Given that the majority of CHF patients are managed within the community,11 the focus on SES and hospitalized CHF patients in all the reported clinical trials may indicate a relationship between SES and CHF; however, this may not be generalizable to the majority of CHF patients.
Much remains unclear about the influence of socioeconomic status on CHF. Linking this review with the wider SES and chronic disease literature indicates a number of ways in which socioeconomic deprivation may contribute to excess mortality in CHF and inequalities in health care. Six issues merit particular investigation.
Health care provider inequalities
There is some evidence that SES may influence individual health care providers’ clinical management of CHF. Struthers and colleagues10 demonstrated an increased rate of re-hospitalization in those with lower SES that was independent of disease severity. Given that the subsequent length of stay was not influenced by social deprivation, the researchers suggested that an explanation of the re-admission rates purely in terms of co-morbidity and poor social support is flawed. Alternative explanations could include:
Primary care providers dealing with CHF in deprived areas have less time for intensive management within the community.
Primary care providers working in deprived areas may perceive that their patients have less capacity to understand and manage their own condition.
Patients within a deprived area may perceive that community medical resources are insufficient to manage them safely at home and “push” for admission.
These hypotheses are unproven, but merit investigation; they could potentially influence the day-to-day management of patients with CHF.
Risk factor inequalities
Half of the excess coronary mortality in the socially deprived may be attributed to uncorrected risk factors such as smoking.10 The risk factor pattern for CHF is similar to coronary heart disease38 and includes clearly identified etiologies, such as hypertension, coronary artery disease, diabetes mellitus, valvular heart disease, and cardiomyopathies.11,19
Several of these factors have a well–documented SES bias.39,40 Consequently, it seems plausible to assume that a proportion of the excess mortality in CHF in lower socioeconomic groups will be because of these SES-driven risk factors, but no definitive evidence for this exists.
Nonconcordance is viewed as contributory factor in a large number of CHF admissions.41,42 Nonconcordance has been at times assumed to be greater in the socially deprived and may contribute to morbidity. However, Struthers and colleagues10 found that at least regarding the impact of SES and acute admissions, nonconcordance with diuretics was independent of the association demonstrated.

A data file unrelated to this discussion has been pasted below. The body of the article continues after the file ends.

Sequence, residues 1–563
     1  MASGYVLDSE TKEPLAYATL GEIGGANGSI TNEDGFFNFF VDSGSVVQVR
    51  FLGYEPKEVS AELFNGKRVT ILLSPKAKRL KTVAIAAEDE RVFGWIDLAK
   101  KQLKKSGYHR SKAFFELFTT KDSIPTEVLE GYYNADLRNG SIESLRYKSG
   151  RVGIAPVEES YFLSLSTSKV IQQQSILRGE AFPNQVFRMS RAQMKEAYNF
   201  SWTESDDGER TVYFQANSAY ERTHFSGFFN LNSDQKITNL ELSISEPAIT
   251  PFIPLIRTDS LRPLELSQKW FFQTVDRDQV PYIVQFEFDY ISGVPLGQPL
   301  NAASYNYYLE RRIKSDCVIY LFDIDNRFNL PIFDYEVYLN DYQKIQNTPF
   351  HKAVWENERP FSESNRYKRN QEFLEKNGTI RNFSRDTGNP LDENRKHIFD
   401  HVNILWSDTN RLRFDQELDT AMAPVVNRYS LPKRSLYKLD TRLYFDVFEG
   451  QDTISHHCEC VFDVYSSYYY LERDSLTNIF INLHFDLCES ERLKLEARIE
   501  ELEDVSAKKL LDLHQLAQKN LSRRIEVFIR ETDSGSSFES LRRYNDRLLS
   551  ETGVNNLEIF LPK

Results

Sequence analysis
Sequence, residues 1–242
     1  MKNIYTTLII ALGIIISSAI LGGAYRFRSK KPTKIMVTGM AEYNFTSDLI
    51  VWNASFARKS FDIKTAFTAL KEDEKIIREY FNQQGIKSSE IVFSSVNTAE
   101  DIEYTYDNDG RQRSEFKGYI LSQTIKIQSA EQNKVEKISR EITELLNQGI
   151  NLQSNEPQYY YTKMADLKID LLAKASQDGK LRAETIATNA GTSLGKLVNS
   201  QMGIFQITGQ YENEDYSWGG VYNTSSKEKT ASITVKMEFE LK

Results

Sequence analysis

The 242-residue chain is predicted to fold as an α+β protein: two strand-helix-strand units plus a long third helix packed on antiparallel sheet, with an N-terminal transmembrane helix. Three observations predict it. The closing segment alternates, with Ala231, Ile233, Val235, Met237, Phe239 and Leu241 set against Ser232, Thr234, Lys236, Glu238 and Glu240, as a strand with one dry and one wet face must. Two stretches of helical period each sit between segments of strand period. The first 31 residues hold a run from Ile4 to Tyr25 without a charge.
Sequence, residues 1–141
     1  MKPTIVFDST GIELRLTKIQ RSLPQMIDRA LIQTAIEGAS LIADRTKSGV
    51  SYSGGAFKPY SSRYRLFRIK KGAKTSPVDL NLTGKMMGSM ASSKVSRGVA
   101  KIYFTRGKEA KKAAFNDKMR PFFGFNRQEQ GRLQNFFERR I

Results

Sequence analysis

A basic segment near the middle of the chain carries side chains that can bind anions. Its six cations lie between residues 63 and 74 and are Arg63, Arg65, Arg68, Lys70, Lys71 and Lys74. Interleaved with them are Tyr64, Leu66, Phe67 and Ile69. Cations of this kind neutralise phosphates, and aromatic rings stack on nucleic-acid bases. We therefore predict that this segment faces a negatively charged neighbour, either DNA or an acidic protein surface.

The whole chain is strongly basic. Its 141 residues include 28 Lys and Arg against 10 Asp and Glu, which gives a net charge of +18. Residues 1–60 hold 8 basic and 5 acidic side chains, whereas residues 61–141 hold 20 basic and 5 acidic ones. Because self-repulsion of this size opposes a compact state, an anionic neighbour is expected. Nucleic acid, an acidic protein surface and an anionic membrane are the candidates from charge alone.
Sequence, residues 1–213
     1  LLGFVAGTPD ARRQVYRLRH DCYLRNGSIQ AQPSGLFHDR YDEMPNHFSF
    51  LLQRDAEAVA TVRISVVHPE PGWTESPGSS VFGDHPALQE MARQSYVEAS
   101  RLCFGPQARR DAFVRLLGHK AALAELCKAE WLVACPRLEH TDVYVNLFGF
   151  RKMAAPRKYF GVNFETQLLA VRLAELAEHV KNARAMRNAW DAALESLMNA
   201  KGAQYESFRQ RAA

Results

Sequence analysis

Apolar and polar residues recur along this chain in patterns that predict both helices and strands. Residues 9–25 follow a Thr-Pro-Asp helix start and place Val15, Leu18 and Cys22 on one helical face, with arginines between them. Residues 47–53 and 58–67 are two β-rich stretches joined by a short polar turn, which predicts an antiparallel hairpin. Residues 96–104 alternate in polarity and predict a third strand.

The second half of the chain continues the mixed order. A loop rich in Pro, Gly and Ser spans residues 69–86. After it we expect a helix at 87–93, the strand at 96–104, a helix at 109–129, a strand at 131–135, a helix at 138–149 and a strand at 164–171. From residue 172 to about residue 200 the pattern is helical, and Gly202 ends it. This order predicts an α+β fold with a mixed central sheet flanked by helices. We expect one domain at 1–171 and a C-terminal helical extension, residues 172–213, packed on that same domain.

The prescription of angiotensin-converting enzyme inhibitors for CHF is demonstrably lower in elderly patients admitted with this condition.43 If there is a significant age bias regarding the prescription of drugs of specific benefit in CHF44 it may well be that a SES bias also exists, reflecting a perpetuation of the inverse care law.45 Further exploration of this subject is needed.
An age-related bias in follow-up for patients admitted with CHF to a geriatric ward has been demonstrated, with more receiving follow-up by primary care rather than cardiology outpatients, compared with younger patients admitted to medical wards.44,46 A similar association may exist regarding SES and might partly explain the excess mortality in this group. A SES bias has been demonstrated in studies looking at re-vascularization rates for angina.47,48 Socioeconomically deprived patients with coronary heart disease are less likely to be investigated or offered surgery despite their increased risk.49 Only 2 CHF studies are directly comparable.34,36 The former looked at barriers to cardiac transplantation in end-stage CHF caused by idiopathic dilated cardiomyopathy. The latter examined factors associated with obtaining cardiologist care among patients with acute exacerbation of CHF.
In an acute situation, those from lower SES groups may access care differently from their more affluent peers. This has been demonstrated in asthma admissions where such patient groups are more likely to visit an emergency department than their primary care provider.50 Other studies considering emergency admissions across all diseases23,51 demonstrated that those with a lower SES had an increased probability of being admitted via the emergency department. If the same effect is replicated for CHF, as seems probable, this could result in significant differences in the long-term management of these groups. Patients who primarily access emergency physicians when unwell will, by implication, be less exposed and responsive to long-term disease monitoring in primary care.
There is an independent association between social deprivation and the prevalence of neurotic and psychiatric conditions.52 Thus, individuals and families with low incomes may have a reduced ability to cope with stressful events.53 This could influence patient behavior in sufferers of CHF, perhaps explaining the readmission rates because of a reduced capacity in the individual to cope mentally with the illness. Further exploration of this variable in initial presentation and subsequent management is required.